FOOD POETRY (ISSUE 7)
by Olajuwon Joseph Olumide
The kingdom of hunger in chaos!
Yeye Abeke is at it again, anchor of braais:
Her pestle’s incessant intercourse with
The mortar, heralding to banish
All grumbling demons from their gluttonous dungeons.
Can anything good complete metamorphosis without pain?
See the white epiphany of Iyanre emerge,
As the knife-dissected yam tuber – after tried in the boiling pot –
Undergoes a crushed life! pa po! po pa!
Since the demons of hunger have heard the good news
With their errant ears, nostrils discerning good thing, too
Must testify to the enchanting aroma of Obere, snaking out
Of Yeye Abeke’s steaming black cauldron
Whose sitting bottom is tried on the untamed dancing flames!
The previous dusk, ‘arepa Ogun o’ saw Baba Abeke off –
Plunge into the frigid heart of the forest
Haunted by a thousand demons.
His mind of optimistic return reiterated our progenitors’ proverb
Saying: “with the hope of breath for the mortal nostrils,
Mortal teeth will yet munch what’s beyond the grand flesh of Ajanaku”
Today’s solar eye witnesses the celebrated fruition
Of a brave hunter’s return.
How the hovering atmosphere this hour is coloured in regale!
Only a gullible mind will wonder
Why the rains of visitors, only torrenting here;
Such regale that strays focused legs set on the red earth
Stretching to various farmlands…
Such regale that bewitches me – Agbeloba this moment,
To disdain the worth of my productive-harvesting sickles
That once delivered the conceived bulged tubers
From the womb of Beyiose’s fertile soil.
Is inner strength, not the inspiration behind the muse to toil?
That gluttonous dungeon men convey, is a pantheon
With a capricious god, turbulently contorting intestines
When from time to time, its liturgical procession
Isn’t obliged – via the threshold of yawning mouth, where
Morsel by morsel is to sojourn into the sacred of the sacred,
With palm wine of libation paddling erangbe down as well.
Please, let my legs now stray!
The great hunter’s yard is the paradise
Evoked on this spur of lost reasoning: kudos to such regale…
Iyanre : sumptuous pounded yam
Obere : sumptuous broth
Yeye Abeke : Abeke’s mother
Baba Abeke : Abeke’s father
Arepa Ogun o : Compliments to hunters going for a hunting, wishing them good catch
Ajanaku : elephant
Agbeloba : a great farmer whose appellation literally means “farmer is a king”
Beyiose : a fictitious village name
Erangbe : bush meat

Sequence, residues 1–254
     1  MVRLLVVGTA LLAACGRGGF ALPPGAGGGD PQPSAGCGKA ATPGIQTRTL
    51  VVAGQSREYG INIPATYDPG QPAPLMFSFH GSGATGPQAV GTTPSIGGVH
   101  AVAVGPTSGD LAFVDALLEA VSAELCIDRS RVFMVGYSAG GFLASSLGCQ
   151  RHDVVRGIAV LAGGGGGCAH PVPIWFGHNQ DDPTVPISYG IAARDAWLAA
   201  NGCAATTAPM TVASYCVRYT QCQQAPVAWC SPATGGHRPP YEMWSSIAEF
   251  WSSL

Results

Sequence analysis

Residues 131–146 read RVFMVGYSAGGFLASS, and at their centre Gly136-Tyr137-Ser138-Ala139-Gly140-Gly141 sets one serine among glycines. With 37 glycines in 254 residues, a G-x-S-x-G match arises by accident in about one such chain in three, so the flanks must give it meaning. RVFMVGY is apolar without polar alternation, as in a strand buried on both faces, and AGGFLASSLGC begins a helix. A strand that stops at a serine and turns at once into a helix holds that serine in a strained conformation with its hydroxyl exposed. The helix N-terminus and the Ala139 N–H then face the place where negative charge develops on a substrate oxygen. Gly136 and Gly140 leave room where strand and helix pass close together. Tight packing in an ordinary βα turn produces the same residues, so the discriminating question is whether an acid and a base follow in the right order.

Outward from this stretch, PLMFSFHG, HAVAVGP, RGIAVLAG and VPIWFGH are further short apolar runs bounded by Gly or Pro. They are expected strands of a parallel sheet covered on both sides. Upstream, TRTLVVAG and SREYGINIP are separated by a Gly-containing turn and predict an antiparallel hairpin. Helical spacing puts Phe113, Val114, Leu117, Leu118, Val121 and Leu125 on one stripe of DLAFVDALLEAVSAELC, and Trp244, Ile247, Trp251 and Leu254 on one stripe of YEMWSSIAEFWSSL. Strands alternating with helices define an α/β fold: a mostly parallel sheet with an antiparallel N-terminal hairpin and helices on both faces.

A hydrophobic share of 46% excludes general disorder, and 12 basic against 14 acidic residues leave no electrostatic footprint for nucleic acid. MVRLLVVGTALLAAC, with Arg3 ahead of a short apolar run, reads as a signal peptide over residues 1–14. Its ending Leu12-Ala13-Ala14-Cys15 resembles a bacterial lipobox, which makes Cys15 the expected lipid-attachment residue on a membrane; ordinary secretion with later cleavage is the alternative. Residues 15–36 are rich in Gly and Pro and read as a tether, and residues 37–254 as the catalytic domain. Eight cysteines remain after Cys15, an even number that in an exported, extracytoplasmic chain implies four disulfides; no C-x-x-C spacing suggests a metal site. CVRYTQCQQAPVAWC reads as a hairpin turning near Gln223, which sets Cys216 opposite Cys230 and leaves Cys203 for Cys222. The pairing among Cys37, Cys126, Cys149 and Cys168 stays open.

Olajuwon Joseph Olumide, a poet and a fiction writer, is a student of Mass Communication at YABATECH. He is a two-time winner of Brigitte Poirson Poetry Contest. He was shortlisted for the Eriata Oribhabor Poetry Prize in 2016. He teaches English language & Literature at a private college. He hails from Ogun State.
MOTHER’S SOUP POT
by Amaka Blossom Chime
Ladle onto my plate
not the watery top
the children struggle for chaff
as it dances in the wind.
Father severed the head of our game
mother smoked the tail
Mazi comes with his white-washed plate
a gaping smile in his skull
Ogbeni storms the kitchen with a plate in one hand
his sagging ṣokoto in another
but where is Mallam who complained
that his tuwo was the size of his fist?
Laughter flows in liquid tunes
oily fingers and slippery throats
of papa and mama
engrossed in tales of woe
of how the economy collapsed
between morsels of pounded yam
and smoked croaker voices
in a dance of history.
Cries of bitter hunger
echo from the soup pot
angry plates fight each other
and blood stains the earth
flowing in violent torrents.
Edojah will not starve nor eat chaff
our land rots from dark waters
while strangers, the ones we loathe
breed wealth and fresh skins
break the pot and spill our wealth
the remnant survives the pox
the dust becomes their colour
we sucked the same breast
but they suck life from us
a parasite comes from the Sahara
in alabaster cartridges
feeding on mother’s pot.
I will ride the elephant and others will walk
the crown cannot fit the swollen head
the shrunken scalp is not fit for the crown
while kingfishers and king-makers
whose bloated skins
hide a trail of worms
fashion monuments of history
in a rotten enclave
while the package shines
in dazzling luminaries
that outwit the sun
and embezzle the moon
while children, the surviving ones
fight for maggot-infested firewood
to roast the lizards that come home to roost.
Amaka Blossom Chime is a research assistant in the Department of English and Literary Studies, Godfrey Okoye University, Enugu. She is an English Language teacher on the School’s Radio programme funded by the MacArthur Foundation, USA. Her poem ‘Achebe’s Ulogue’ appeared in the Journal of Chinua Achebe Studies. Another Poem ‘Shakespeare’s Ulogue’ was written for the commemoration of 400 Years of Shakespeare in 2016. Amaka is the Lead Rep. for PIN GO University Connect Centre. Her collection of poems Harassed, was published this year.